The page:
Markey, above, is expected to be the Democratic nominee for Kerry’s seat later this year. Strategists see Markey as the best candidate to go up against Brown, who is only a week removed from the Senate. But a primary challenge may be just the thing to toughen Markey before he faces the former senator, Rothenberg writes.
Democratic insiders are hoping to avoid a primary to pick the party’s nominee for the special election to fill Democrat John Kerry’s eventual open Senate seat later this year. So, they have jumped on the Rep. Edward J. Markey bandwagon, hoping to anoint him as their nominee without much of a fight.
But would a primary really be bad for Democrats — and helpful for the expected GOP nominee, former Sen. Scott P. Brown? Count me as skeptical.
Markey has already been endorsed by the Democratic Senatorial Campaign Committee, former state party Chairman Philip Johnson and Vicki Kennedy, wife of the late Sen. Edward M. Kennedy, D-Mass. And Kerry has already said that he plans to vote for Markey.
Democratic strategists see Markey as the strongest possible nominee against Brown, and they worry that a hard-fought primary could drain resources, divide the party and give the Republican months to woo voters while Democrats are attacking each other.
But party strategists always are allergic to primaries, at least until a primary is unavoidable, at which time they often do an about-face and argue the advantages of such a contest.
In fact, there are plenty of reasons a primary might be good for Markey, including the fact that he has had only two competitive races in the past 36 years.
His first was in 1976, when he won a crowded Democratic congressional primary with 21 percent of the vote, which was tantamount to winning the seat in November.
His second, and last, competitive race was in the 1984 Democratic primary, when he defeated state Sen. Sam Rotondi, 54 percent to 41 percent.
That was the year that Markey entered the U.S. Senate race, but he eventually decided to drop out of the contest and seek re-election to the House. Rotondi, who had jumped into the congressional race when Markey announced for the Senate, didn’t think the congressman’s decision to reclaim his House seat was a good idea and remained in the primary.
Markey’s last competitive general election for the House was, well, never. His worst showing was in 1992, when plastic surgeon Stephen A. Sohn, a Republican, and Independent candidate Robert B. Antonelli combined to hold Markey to 62 percent of the vote. Sohn, who had Rotondi’s endorsement, made an issue of the fact that Markey had bounced almost eight dozen checks at the House bank.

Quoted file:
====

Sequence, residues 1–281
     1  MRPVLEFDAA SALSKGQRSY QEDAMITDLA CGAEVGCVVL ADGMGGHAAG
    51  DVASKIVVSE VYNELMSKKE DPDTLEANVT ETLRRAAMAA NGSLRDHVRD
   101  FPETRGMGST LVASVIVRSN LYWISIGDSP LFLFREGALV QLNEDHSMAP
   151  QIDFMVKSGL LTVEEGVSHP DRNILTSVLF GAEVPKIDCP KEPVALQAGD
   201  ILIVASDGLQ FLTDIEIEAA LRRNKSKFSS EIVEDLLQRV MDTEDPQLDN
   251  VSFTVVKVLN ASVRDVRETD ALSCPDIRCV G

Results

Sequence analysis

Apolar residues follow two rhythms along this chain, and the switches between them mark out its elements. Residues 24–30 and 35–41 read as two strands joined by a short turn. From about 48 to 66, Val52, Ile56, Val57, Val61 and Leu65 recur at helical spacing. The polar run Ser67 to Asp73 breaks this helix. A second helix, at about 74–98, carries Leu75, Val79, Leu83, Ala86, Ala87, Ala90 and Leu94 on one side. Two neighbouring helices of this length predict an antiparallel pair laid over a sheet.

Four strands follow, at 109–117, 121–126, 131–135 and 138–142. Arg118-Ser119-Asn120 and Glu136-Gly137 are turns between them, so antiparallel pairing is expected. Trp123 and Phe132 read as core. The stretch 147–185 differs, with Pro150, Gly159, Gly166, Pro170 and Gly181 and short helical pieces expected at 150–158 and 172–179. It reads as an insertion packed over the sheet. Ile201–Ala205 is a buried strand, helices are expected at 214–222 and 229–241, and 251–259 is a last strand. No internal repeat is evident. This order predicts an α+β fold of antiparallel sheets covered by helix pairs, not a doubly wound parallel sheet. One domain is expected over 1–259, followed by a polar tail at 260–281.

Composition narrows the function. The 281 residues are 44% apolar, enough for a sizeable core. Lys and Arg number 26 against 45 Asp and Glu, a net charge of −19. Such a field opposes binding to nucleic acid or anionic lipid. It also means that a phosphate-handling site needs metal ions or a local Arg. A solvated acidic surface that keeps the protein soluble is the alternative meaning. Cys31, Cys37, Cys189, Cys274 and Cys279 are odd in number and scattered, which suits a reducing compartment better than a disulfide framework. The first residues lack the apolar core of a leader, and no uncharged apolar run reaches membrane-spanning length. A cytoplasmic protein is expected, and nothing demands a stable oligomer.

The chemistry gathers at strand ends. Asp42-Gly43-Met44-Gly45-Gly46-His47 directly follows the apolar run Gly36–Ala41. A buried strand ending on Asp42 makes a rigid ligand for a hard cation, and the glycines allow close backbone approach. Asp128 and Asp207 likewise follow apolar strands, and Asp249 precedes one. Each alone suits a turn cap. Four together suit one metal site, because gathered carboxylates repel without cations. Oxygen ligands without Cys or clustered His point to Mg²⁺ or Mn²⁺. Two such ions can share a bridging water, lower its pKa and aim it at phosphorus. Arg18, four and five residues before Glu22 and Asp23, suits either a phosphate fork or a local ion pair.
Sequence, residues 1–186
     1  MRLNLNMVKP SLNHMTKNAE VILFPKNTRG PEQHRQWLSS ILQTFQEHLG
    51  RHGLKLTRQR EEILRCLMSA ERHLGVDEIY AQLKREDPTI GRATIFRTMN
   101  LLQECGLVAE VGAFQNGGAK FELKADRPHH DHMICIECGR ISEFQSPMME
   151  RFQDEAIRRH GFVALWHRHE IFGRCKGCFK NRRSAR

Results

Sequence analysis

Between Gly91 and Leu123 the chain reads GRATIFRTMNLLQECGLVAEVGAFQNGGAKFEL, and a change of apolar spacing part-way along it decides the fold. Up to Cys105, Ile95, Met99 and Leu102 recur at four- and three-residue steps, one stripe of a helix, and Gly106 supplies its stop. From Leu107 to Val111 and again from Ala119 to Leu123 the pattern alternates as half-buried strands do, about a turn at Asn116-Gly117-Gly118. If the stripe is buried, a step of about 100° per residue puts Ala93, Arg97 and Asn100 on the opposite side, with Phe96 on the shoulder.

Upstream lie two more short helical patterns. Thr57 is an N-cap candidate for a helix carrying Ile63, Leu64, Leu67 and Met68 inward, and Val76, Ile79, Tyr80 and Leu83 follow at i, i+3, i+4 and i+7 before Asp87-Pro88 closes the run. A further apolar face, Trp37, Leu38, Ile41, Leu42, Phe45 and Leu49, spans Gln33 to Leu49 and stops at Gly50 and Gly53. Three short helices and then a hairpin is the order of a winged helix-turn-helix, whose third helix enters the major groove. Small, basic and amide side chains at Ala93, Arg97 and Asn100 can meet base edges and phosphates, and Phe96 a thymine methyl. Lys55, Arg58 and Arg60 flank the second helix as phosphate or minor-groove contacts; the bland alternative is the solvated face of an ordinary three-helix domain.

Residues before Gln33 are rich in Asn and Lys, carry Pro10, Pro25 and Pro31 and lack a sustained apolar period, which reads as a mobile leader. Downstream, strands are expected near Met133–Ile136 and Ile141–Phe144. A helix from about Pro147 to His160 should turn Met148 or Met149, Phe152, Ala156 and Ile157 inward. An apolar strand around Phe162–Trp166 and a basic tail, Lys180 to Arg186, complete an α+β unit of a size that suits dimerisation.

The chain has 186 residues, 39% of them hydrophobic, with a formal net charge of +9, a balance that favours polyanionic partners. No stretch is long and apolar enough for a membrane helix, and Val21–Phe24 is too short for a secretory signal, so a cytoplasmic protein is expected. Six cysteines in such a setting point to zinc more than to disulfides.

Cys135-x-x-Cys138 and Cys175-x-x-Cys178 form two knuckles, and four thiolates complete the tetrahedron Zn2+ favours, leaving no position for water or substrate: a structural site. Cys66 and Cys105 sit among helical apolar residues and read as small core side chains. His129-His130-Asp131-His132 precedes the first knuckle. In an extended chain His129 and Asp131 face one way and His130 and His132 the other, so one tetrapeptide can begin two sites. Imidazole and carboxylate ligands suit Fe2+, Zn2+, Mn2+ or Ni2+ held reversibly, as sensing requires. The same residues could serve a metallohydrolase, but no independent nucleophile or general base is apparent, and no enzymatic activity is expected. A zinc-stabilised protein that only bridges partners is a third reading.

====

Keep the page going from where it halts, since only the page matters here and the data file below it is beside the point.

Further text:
I don’t doubt Markey’s ability to put together a campaign or the DSCC’s diligence in making certain that he does so, but it’s never a bad idea to have a test run before the actual race.
It would be different, of course, if a primary would produce a deeply fractured party and a dramatically weakened, ideologically extreme nominee. But there is no indication that would happen if Markey faced a primary from Rep. Michael E. Capuano, Rep. Stephen F. Lynch and/or state Sen. Ben Downing.
Capuano’s late November fundraising report showed him with $491,000 in the bank, while Lynch had $740,000 on hand. In contrast, Markey had more than $3.1 million, and given his endorsements and contacts, he would have no trouble outraising primary opponents.
Lynch is a conservative Democrat by Massachusetts standards, while some voting ratings put Capuano slightly to Markey’s left. But the differences between the three men are small on the issues. We aren’t talking then-Indiana Sen. Richard G. Lugar versus Richard Mourdock or then-Delaware Rep. Michael N. Castle versus Christine O’Donnell here — two instances where the GOP primary produced a much less desirable (or even unelectable) nominee.
Markey has a few obvious general election vulnerabilities that Brown would try to exploit in a special election, and it might be wise for the long-serving Democrat to address them sooner (in a primary) rather than later (against Brown).
After 36 years in the nation’s capital, even working for issues with which many in Massachusetts agree, Markey is inextricably linked with Congress and everything that Congress has done. Given Congress’ current standing, Markey’s long service could be a mixed bag.
Brown has already made an issue of Markey’s residence. Though the Democrat owns the house in Malden, Mass., in which he grew up and technically resides, he really hasn’t “lived” in the house in years — at least not the way you and I live in our homes.
And finally, while Massachusetts voters don’t have problems sending liberals to Washington, D.C., Markey’s very liberal record will give Brown, who is certain to talk about his own “independence,” plenty to shoot at.
Obviously, these vulnerabilities aren’t necessarily fatal, and the state’s Democratic bent is almost certainly a bigger problem for Brown than any or all of Markey’s vulnerabilities are for him.
But a primary would give Markey an opportunity to address these concerns in a more favorable political environment, making the issues less dangerous for him in the special election when the charges will come from Brown.
Yes, party strategists always hate primaries of their own. But Democratic primaries last year in Connecticut and New Mexico didn’t stop the party from holding those open seats, and a primary in Massachusetts later this year would prove whether Markey is as strong a nominee as some assume and test him under fire. And you can bet that there will be plenty of fire in the special election against Brown.
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